I'm enjoying this discussion and your determination to bring the energy realism/thermodynamic view to integrative discussions. I'm curious about a couple of things that have cropped up so far. One here and one in a reply above. In the reply above, you described the earth as a functionally closed system. This is true for the most part regarding material flows, but not with regard to energy. Energetically we receive an unending flow of resource from the sun and emit heat to space–thus we are functionally an open energetic system. With enough energy and no substantial material losses ecological and economic processes could theoretically continue forever based on the continued recycling of material elements. My second curiosity is about the emergence of the block chain algorithm(s) and how they might change Pogany's prediction of GS3. With the block chain and sufficient encryption (and this exists) there is no way to limit the creation of currency by central authorities. This would essentially nullify the one of the central tenant of GS3–namely that money creation would be curbed and disciplined. GS3 seems like a linear prediction based on the trajectory from GS1 to GS2, but what about disruptive possibilities like the block chain? How might they lead to something quite different?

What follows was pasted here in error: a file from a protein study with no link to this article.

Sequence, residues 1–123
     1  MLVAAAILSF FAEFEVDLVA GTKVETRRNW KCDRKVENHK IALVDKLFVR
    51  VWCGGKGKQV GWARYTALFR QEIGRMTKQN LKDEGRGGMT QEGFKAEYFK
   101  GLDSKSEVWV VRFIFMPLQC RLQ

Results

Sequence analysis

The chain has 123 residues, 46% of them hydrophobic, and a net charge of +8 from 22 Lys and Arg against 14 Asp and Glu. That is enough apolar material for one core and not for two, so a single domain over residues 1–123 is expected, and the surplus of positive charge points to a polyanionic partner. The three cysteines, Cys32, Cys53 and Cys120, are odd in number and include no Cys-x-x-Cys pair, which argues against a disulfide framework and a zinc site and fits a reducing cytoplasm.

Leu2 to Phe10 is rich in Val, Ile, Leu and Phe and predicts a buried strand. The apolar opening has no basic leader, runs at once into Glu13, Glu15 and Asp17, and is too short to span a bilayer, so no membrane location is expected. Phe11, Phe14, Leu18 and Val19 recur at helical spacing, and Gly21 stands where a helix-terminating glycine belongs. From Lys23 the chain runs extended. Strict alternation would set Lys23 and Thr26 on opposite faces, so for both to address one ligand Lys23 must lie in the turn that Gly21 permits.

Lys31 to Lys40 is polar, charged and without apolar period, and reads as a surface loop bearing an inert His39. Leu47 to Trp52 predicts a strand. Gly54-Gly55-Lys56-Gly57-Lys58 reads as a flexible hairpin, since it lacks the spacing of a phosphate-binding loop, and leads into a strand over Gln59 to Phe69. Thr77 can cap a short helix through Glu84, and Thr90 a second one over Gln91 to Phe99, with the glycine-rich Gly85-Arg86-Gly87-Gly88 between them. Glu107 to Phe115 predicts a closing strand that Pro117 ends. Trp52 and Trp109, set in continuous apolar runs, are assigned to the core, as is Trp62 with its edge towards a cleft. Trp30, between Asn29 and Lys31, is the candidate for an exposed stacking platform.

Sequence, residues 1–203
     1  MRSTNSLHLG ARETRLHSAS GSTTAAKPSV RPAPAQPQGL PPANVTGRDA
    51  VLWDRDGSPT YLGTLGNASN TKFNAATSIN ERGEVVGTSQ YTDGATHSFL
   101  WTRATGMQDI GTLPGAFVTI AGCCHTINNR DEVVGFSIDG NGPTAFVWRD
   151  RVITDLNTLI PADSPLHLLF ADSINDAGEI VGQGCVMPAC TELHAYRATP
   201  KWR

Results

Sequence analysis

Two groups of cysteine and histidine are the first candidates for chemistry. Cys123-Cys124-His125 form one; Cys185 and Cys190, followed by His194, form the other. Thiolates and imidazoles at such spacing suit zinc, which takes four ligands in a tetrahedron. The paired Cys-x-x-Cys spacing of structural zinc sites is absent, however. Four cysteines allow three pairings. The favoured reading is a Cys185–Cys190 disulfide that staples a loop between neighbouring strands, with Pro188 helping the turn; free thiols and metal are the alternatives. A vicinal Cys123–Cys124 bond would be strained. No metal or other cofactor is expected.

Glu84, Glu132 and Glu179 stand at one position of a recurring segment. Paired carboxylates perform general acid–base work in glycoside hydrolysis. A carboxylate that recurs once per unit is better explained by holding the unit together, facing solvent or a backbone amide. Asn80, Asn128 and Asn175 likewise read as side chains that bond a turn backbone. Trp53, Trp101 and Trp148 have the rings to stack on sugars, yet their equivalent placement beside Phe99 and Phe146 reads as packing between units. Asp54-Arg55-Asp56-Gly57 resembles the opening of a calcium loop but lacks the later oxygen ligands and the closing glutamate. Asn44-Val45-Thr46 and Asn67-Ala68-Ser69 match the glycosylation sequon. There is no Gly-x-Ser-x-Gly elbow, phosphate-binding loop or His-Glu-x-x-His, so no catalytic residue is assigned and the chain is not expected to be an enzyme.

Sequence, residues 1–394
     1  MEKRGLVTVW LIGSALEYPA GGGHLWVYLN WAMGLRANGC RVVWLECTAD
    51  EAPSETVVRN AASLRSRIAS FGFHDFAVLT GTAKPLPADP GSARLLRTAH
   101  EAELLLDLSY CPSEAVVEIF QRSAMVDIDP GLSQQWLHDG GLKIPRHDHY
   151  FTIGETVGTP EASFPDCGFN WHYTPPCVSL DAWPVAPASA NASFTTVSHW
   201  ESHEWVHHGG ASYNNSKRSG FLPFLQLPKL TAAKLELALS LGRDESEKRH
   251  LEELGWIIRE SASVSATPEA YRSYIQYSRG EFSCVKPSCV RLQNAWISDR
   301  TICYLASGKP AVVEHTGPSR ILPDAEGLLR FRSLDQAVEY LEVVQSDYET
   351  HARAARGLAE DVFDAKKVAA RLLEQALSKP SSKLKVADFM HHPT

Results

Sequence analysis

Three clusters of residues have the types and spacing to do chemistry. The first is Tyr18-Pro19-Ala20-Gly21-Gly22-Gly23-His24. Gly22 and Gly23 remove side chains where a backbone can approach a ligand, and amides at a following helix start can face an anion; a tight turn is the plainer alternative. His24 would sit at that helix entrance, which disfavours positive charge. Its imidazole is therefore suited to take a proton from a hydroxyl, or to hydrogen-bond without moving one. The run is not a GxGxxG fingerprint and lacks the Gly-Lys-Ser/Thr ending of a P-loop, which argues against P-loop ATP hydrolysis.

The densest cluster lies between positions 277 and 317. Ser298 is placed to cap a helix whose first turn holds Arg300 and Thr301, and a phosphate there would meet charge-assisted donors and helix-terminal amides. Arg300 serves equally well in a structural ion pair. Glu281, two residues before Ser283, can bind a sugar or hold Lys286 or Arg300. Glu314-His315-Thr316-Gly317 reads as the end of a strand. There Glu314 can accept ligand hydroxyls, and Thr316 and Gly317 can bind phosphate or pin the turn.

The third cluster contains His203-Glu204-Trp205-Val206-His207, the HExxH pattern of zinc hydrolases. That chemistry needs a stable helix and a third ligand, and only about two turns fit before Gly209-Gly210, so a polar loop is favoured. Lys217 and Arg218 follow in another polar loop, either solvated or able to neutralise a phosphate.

Hi, Mr. Winton, David,  here is a book review link that JMG recommends as necessary reading : 

http://www.thesocialcontract.com/artman2/publish/tsc0902/article_10...

This weeks blog comments get into all kinds of questions including the open/close thermodynamic question. Interestingly, there were also queries on satori like experiences, and how such experiences might be able to solve what I call 'the black tar' issue ( I've brought that up here at IPS) . Also, queries as to whether E.T. was going to help out. No such luck! 

Bruce posted a recent kickstarter  link which talks about a new P2P money supply. My thoughts on this: if one has ever dealt with the worst kind of hoarders; then one knows it's almost impossible to correct their condition. We might think of the globalists as the worst kind of hoarders; it shall not be easy cleaning up their mess! But David is right , too, to some degree we are culpable, also.